History of the Historical Society

The Berkeley Historical Society was founded in the summer of 1978, during the City of  Berkeley’s Centennial Celebration. A volunteer committee organized an exhibit about Berkeley history that opened at the Berkeley Art Center on April 4, 1978. The committee included Carroll Brentano, Louise Colombatto, Ellen Drori, Stephanie Manning, Rev. Harry Morrison, Henry Pancoast, Kareth Reid, Dmitri Shipounoff, Arlene Silk, Ken Stein, and Louis Stein. Many of these people decided a Berkeley Historical Society should be formed, and they proceeded to do so and to begin acquiring a collection, in part from material in that initial exhibit.

Board members, about 2000. Some had been with the organization since its inception in 1978.

In the beginning there was no permanent home and meetings were held where they could be, but the Society sponsored historical programs, wrote a newspaper series, and published books.

This book, published in 1983, consisted of 83 essays previously published in the Society’s Berkeley Gazette series. Copies are still available for purchase.

In August 1992, after many years of existing in school district portables, it finally moved to the current location in the city-owned Veterans Memorial Building.

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Veterans Memorial Building, 1931 Center St., Berkeley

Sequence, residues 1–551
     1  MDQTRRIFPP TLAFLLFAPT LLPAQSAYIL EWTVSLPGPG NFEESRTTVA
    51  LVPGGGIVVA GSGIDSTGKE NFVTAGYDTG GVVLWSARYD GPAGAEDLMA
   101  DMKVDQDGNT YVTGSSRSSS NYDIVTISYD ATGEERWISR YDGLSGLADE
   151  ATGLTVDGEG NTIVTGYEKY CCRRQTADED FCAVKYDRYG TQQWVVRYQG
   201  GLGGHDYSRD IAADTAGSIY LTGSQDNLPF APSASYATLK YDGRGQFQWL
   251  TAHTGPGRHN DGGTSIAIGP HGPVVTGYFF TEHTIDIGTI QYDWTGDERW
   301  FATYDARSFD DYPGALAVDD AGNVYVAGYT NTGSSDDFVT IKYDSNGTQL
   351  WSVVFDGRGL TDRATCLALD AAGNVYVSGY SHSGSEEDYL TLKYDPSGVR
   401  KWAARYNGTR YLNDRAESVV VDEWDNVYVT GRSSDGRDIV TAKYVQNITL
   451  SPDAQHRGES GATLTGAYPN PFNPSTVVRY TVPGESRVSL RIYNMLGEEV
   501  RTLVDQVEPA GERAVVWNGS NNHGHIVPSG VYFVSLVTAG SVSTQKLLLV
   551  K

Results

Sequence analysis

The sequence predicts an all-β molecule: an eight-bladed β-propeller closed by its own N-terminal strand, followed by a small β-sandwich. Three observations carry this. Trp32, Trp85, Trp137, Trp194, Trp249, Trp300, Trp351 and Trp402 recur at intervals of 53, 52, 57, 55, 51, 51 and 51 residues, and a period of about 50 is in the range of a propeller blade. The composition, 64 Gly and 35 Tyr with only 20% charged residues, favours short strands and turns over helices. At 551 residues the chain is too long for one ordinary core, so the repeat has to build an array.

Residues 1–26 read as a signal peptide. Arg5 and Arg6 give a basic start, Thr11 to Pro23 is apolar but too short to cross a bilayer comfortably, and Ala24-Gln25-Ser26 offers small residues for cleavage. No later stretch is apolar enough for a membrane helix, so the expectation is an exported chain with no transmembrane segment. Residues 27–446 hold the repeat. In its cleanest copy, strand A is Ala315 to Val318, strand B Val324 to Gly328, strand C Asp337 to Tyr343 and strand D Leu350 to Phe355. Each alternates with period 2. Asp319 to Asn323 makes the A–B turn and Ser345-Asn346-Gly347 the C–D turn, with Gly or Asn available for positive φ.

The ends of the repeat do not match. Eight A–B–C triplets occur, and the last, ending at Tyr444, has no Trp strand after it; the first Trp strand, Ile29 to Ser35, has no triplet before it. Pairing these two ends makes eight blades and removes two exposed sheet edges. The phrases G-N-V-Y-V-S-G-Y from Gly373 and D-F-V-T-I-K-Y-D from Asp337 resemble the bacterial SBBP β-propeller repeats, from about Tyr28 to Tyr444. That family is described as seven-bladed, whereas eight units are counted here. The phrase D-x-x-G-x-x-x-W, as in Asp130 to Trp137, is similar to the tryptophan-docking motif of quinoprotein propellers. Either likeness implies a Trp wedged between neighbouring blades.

The Berkeley Historical Society was now able to maintain the Berkeley History Center with a library, exhibit space, and an archive in which to house and maintain the vast collection of photographs, materials and memorabilia relating to Berkeley.

To emphasize that we are a museum and not just an organization, we began unofficially adding “and Museum” to the name in 2022. We are outgrowing our space, and the building needs seismic work and renovation. Our hope is that the Maudelle Shirek Building (the former City Hall) will be renovated first and we can move into larger facilities there by 2028, Berkeley’s sesquicentennial year and the 50th anniversary of the Historical Society. (See berkeleycccc.org for more information about Civic Center projects.)

Maudelle Shirek Building, Stephen Rosen photo